Using a recording computer in the home studio has revolutionized the possibilities for musicians and producers all over the world. I probably wouldn't have become so involved with producing music if it wasn't for this major development and growth in computer technology.
Recording and producing music, before studio computers became popular, was a very expensive hobby to pursue. You would often have to go into a professional recording studio to get anything recorded, which would also include the cost of hiring a sound engineer to set things up and control the equipment.
But now, recording with a computer has brought these costs down massively and it's never been easier to set up a home recording studio based around a computer.
Your computer will be at the centre of your home recording studio. You'll use it to record, mix, edit and produce, and possibly master your recordings and productions.
Getting involved with computer music production at home involves piecing together your own studio setup built around your computer. So it's important to know the basics of how computers work - you can then choose the best possible machine for your needs and budget.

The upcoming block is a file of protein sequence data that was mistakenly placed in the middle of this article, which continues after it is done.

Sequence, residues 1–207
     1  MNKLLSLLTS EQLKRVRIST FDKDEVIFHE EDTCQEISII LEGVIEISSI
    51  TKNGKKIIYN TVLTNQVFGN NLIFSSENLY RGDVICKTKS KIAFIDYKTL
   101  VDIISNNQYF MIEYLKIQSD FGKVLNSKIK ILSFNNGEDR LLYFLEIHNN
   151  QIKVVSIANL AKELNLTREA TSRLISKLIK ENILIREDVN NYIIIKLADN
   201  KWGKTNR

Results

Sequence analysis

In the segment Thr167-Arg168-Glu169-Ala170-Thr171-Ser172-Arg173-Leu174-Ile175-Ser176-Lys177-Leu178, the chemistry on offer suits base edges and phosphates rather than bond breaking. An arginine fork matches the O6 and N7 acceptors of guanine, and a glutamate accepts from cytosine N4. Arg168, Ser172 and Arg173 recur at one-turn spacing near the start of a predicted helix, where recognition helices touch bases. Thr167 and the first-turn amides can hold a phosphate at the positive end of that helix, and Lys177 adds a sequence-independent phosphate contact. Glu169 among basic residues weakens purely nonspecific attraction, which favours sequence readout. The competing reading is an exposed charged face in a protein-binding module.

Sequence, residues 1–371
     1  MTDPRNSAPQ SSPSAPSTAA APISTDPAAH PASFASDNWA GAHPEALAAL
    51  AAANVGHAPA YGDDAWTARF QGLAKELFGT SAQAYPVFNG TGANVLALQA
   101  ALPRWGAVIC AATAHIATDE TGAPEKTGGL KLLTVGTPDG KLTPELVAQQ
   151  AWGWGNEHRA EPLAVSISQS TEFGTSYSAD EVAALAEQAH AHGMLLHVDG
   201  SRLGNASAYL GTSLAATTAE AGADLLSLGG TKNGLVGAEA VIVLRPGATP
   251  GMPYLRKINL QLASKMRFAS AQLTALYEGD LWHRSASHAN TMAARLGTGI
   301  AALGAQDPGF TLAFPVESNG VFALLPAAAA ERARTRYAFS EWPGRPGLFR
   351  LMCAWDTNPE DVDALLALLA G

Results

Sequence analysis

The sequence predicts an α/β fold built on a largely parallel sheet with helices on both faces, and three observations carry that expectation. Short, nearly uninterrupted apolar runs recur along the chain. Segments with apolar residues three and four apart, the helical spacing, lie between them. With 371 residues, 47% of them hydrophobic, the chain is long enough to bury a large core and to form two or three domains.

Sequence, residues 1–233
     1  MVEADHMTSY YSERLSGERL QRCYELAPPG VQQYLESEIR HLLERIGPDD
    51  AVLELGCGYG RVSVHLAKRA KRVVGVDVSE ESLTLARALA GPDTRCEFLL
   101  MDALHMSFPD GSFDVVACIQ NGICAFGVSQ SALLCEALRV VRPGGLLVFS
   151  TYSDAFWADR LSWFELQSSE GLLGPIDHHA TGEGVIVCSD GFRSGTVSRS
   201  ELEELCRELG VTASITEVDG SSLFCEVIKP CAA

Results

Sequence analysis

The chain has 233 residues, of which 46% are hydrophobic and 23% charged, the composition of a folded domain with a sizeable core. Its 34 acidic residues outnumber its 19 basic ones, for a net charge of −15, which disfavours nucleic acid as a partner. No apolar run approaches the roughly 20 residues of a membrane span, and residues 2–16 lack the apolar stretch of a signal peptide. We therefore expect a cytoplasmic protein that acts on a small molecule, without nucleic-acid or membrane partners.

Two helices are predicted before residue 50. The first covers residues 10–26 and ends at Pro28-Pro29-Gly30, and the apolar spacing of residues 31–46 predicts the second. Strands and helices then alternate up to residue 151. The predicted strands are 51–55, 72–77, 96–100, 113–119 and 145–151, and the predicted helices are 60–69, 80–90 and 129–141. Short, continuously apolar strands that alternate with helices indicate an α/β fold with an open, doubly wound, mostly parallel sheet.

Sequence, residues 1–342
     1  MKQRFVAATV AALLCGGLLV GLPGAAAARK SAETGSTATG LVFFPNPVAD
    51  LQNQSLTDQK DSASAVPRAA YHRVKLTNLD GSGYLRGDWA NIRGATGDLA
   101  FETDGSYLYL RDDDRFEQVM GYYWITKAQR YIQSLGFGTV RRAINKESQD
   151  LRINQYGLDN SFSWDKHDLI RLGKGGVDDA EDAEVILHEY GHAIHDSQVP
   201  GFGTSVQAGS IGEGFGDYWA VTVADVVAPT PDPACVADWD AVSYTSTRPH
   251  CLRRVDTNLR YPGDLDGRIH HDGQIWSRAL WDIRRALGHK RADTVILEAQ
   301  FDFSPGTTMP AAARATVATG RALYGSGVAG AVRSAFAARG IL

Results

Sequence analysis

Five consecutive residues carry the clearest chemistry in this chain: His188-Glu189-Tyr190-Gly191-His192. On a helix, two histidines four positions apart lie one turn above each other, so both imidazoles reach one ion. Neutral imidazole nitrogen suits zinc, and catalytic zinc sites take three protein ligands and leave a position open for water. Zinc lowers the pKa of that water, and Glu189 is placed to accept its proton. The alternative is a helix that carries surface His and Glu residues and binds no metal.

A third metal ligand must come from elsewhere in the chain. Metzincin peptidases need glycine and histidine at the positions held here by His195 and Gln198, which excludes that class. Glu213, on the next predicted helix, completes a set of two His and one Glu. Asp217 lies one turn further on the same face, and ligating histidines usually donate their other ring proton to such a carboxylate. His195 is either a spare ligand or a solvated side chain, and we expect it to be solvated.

Computers are digital machines, so knowing a few basics about digital audio will help you when you're using a computer in your studio.
Knowing how digital audio and the digital world works, you'll be better prepared to avoid common issues that always appear when dealing with digital recording, one of which being audio latency. Getting to know the different types of computer audio cable can also help to get you up and running - the main two being USB and FireWire.
A computer system dedicated to recording audio is also known as a Digital Audio Workstation (DAW). Not all DAWs are based around a recording computer, but they will all have the ability to capture audio digitally.